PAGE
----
Prerequisites & Distribution: Only first-year students, including those with sophomore standing, may pre-register for First-Year Seminars. All others need permission of instructor. Taught in English. (3). (HU).

First-Year Seminar, Foriegn Lit

Credits: (3).

Course Homepage: No Homepage Submitted.

The course introduces first-year students to cultural studies in general and Dutch Studies in particular, integrating social, political, and economic history with literary renderings, and artistic representations of colonialism. The Netherlands has been an active participant in shaping the world as we know it, through mercantile and political involvement around the globe. The Dutch were colonizers of Indonesia and its many islands, founders of New Amsterdam/New York, traders in West Africa, first settlers in Capetown in South Africa, and the first trading partners with the Japanese. The Netherlands held colonial power over Suriname until 1975; other West Indies islands, i.e., Aruba, Bonaire, Curaçao are still part of the Dutch Kingdom. We will trace the origin and development of the Dutch expansion in the world, how countries were conquered and political systems were established. Mercantile gains as shown in the spice trade and the many aspects of the slave trade will be emphasized. The role of the Dutch East India Company (VOC), once called the world's largest multinational in the 17th and 18th century, will be examined. We will read from the vast body of Dutch literary works related to the East and West Indies, started as early as the 17th century.

Check Times, Location, and Availability Cost: 1 Waitlist Code: 1

Dutch 231. Second-Year Dutch.

Courses in Dutch

Section 001 Meets with Dutch 531.001.

Instructor(s): Antonius Broos (

Prerequisites & Distribution: Dutch 112 or 100. Graduate students should elect the course as Dutch 531. (4). (LR).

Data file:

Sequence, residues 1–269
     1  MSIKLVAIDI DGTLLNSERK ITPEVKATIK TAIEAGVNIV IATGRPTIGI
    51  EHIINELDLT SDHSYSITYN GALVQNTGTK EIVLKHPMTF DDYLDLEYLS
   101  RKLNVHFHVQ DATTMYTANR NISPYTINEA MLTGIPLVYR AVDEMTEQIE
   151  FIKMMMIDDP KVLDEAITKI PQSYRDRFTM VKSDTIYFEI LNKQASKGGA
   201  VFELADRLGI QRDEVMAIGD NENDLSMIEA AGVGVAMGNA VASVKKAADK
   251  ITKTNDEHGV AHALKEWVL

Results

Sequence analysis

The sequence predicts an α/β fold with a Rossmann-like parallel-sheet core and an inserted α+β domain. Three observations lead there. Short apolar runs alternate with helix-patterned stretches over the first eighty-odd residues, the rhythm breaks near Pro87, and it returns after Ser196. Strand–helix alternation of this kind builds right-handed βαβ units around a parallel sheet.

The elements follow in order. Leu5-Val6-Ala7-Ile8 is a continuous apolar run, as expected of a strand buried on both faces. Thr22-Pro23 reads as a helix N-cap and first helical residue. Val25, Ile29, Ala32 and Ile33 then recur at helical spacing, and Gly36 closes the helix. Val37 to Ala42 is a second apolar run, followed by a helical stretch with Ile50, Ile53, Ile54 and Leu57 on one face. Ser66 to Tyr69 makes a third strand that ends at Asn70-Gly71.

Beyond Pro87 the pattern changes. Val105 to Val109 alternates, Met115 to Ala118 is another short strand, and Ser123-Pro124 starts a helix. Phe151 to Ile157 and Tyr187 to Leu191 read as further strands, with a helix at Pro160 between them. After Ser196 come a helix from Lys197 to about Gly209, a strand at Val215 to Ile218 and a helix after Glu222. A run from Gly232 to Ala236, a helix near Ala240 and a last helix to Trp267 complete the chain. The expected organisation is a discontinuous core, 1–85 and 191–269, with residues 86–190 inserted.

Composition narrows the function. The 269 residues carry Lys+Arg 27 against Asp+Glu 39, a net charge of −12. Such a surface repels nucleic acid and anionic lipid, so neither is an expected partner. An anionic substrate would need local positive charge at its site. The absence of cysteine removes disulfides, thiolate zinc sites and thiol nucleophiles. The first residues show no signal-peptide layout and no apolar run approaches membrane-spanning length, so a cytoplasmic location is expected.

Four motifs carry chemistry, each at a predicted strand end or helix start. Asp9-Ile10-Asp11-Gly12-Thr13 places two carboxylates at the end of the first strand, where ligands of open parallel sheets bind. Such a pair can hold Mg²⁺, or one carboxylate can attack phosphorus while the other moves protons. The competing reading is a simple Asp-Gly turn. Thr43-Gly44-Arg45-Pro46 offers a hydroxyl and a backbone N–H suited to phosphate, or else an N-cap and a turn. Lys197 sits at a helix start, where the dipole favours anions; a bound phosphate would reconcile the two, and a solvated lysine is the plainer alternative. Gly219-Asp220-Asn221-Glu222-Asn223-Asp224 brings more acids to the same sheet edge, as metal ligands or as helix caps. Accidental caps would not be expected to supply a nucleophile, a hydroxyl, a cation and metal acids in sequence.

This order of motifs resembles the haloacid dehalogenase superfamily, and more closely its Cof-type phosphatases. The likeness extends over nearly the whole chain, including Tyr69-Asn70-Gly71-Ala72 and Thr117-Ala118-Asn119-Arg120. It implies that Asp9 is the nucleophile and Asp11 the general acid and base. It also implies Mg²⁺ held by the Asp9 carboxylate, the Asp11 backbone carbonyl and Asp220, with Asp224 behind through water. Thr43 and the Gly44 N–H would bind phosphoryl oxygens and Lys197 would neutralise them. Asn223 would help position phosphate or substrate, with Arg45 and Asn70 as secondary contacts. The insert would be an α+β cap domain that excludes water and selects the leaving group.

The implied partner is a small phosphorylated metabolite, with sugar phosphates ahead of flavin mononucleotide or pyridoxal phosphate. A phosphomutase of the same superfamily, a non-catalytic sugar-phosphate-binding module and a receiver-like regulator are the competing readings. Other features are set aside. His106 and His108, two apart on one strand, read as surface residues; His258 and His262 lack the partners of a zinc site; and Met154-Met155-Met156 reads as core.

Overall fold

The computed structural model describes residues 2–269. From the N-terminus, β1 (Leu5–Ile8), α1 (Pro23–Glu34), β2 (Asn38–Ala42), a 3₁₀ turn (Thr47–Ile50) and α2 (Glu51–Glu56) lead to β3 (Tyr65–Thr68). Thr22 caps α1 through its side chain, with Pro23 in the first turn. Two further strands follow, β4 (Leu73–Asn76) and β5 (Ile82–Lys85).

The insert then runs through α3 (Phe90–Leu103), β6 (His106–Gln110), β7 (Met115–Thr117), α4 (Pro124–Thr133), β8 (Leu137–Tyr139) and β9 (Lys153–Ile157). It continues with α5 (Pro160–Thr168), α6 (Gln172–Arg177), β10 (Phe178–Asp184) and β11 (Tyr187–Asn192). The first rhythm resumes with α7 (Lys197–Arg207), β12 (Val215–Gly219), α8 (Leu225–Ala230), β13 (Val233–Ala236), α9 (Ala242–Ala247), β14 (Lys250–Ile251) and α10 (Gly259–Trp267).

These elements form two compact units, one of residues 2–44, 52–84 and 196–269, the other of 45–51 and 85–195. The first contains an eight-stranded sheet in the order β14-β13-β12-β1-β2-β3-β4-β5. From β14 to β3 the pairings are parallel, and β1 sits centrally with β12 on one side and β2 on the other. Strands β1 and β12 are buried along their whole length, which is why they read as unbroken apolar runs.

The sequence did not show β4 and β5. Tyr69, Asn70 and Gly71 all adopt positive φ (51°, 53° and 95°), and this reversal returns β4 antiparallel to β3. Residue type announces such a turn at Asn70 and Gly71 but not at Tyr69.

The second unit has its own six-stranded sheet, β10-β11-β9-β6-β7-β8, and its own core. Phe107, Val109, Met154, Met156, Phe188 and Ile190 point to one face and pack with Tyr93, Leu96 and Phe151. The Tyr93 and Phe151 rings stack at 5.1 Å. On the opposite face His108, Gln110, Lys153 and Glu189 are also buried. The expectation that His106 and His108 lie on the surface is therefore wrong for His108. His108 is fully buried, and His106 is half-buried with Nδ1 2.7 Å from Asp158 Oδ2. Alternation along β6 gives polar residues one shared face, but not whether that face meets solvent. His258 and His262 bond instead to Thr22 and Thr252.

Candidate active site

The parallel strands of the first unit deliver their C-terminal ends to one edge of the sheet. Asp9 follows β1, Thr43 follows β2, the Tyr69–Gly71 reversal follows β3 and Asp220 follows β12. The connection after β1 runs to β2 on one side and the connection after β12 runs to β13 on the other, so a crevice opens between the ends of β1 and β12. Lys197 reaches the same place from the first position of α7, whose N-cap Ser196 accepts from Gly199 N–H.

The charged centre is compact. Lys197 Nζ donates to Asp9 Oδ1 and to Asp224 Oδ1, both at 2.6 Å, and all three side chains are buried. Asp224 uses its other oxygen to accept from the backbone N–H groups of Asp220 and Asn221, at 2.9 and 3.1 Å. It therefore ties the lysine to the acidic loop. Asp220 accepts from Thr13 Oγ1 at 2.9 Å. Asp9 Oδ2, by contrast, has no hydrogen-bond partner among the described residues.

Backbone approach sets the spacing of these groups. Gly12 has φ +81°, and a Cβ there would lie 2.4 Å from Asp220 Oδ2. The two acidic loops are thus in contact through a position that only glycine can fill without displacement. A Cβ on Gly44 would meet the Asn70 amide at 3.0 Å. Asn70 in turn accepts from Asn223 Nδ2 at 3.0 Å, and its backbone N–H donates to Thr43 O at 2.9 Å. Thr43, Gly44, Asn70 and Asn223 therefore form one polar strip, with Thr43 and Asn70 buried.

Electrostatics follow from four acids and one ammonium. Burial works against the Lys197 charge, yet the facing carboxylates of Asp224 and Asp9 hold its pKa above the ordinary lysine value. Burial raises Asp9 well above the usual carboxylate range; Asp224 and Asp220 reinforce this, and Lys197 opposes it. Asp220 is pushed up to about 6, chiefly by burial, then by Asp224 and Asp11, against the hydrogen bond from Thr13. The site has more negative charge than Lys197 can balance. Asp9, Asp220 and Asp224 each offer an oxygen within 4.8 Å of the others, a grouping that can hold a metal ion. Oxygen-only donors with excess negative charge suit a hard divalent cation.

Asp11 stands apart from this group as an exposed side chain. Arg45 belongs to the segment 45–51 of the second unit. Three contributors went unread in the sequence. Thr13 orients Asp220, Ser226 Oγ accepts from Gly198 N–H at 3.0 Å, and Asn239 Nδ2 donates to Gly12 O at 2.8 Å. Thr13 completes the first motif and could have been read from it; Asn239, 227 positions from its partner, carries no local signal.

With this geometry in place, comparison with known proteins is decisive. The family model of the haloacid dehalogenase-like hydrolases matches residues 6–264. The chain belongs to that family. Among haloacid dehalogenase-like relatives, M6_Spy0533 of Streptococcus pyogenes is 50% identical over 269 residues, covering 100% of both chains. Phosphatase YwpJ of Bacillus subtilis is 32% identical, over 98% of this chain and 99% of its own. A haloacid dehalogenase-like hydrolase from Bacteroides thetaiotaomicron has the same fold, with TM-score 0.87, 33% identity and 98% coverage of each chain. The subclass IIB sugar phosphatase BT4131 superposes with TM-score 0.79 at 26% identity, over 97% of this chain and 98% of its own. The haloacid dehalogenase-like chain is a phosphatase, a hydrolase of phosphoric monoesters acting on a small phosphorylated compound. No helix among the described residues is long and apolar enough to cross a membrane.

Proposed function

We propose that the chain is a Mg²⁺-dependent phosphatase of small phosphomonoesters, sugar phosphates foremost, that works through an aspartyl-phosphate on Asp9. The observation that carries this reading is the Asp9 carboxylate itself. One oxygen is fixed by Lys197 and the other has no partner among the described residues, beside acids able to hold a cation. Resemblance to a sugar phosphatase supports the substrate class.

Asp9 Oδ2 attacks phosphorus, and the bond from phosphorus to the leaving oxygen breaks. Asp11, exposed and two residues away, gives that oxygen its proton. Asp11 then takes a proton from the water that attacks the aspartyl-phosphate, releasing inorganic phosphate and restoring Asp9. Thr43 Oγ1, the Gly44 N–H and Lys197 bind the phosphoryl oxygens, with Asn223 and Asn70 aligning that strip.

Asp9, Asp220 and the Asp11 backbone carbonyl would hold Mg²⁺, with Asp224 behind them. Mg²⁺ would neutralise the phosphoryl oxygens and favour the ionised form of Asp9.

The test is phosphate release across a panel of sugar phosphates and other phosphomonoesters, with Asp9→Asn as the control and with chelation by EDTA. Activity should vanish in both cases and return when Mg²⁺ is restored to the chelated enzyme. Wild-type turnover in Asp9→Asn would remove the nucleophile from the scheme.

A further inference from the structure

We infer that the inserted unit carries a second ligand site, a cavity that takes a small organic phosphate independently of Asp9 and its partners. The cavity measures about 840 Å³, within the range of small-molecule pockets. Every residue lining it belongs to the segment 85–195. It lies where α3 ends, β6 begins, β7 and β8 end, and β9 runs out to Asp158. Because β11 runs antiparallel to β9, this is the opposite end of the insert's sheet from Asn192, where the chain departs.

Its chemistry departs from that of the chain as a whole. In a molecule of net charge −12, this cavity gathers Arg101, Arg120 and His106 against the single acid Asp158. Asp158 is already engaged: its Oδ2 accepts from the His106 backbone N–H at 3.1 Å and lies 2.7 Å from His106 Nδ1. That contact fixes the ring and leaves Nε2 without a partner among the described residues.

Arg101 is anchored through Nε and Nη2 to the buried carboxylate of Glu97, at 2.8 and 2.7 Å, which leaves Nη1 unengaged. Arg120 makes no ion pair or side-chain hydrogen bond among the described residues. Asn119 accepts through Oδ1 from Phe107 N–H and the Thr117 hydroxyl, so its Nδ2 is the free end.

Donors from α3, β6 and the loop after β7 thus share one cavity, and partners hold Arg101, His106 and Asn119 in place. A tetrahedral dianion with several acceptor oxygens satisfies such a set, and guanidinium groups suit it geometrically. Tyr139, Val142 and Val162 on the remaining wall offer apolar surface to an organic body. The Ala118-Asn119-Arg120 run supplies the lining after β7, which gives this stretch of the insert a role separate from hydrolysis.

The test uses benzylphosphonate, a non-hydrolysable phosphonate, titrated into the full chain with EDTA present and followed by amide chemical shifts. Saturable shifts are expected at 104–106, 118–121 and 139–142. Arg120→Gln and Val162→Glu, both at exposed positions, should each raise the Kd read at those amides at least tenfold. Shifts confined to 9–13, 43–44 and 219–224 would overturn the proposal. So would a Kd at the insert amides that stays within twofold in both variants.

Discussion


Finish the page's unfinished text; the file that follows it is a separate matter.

Credits: (4).

Course Homepage: No Homepage Submitted.

The course will start with an overview of the basic grammar of the Dutch language and will continue with the modern course Code Nederlands with tapes and computer programs. Comics, songs, newspaper articles, and literature will enliven the course and introduce the students to contemporary Dutch society. Books: F. Kuiken, A. van Kalsbeek Code Nederlands (vol. 2) and id. Oefenboek (vol. 2).

Check Times, Location, and Availability Cost: 3 Waitlist Code: 1

Dutch 339. Independent Study.


Prerequisites & Distribution: (2-4). (Excl). (INDEPENDENT). May be repeated for credit.

Credits: (2-4).

Course Homepage: No Homepage Submitted.

This course serves the needs of students who wish to develop special topics not offered in the Dutch Studies curriculum. It may be a program of directed readings with reports, or it may be a research project and long paper. Courses in the past, covered different areas like Dutch-Indonesian literature, the language of Rembrandt and his contemporaries, Dutch between English and German, etc. Courses must be supervised by a faculty member and the student must have the faculty member's agreement before electing the course.

Check Times, Location, and Availability Cost: No Data Given. Waitlist Code: 5, P/I


This page was created at 3:55 PM on Wed, Dec 13, 2000.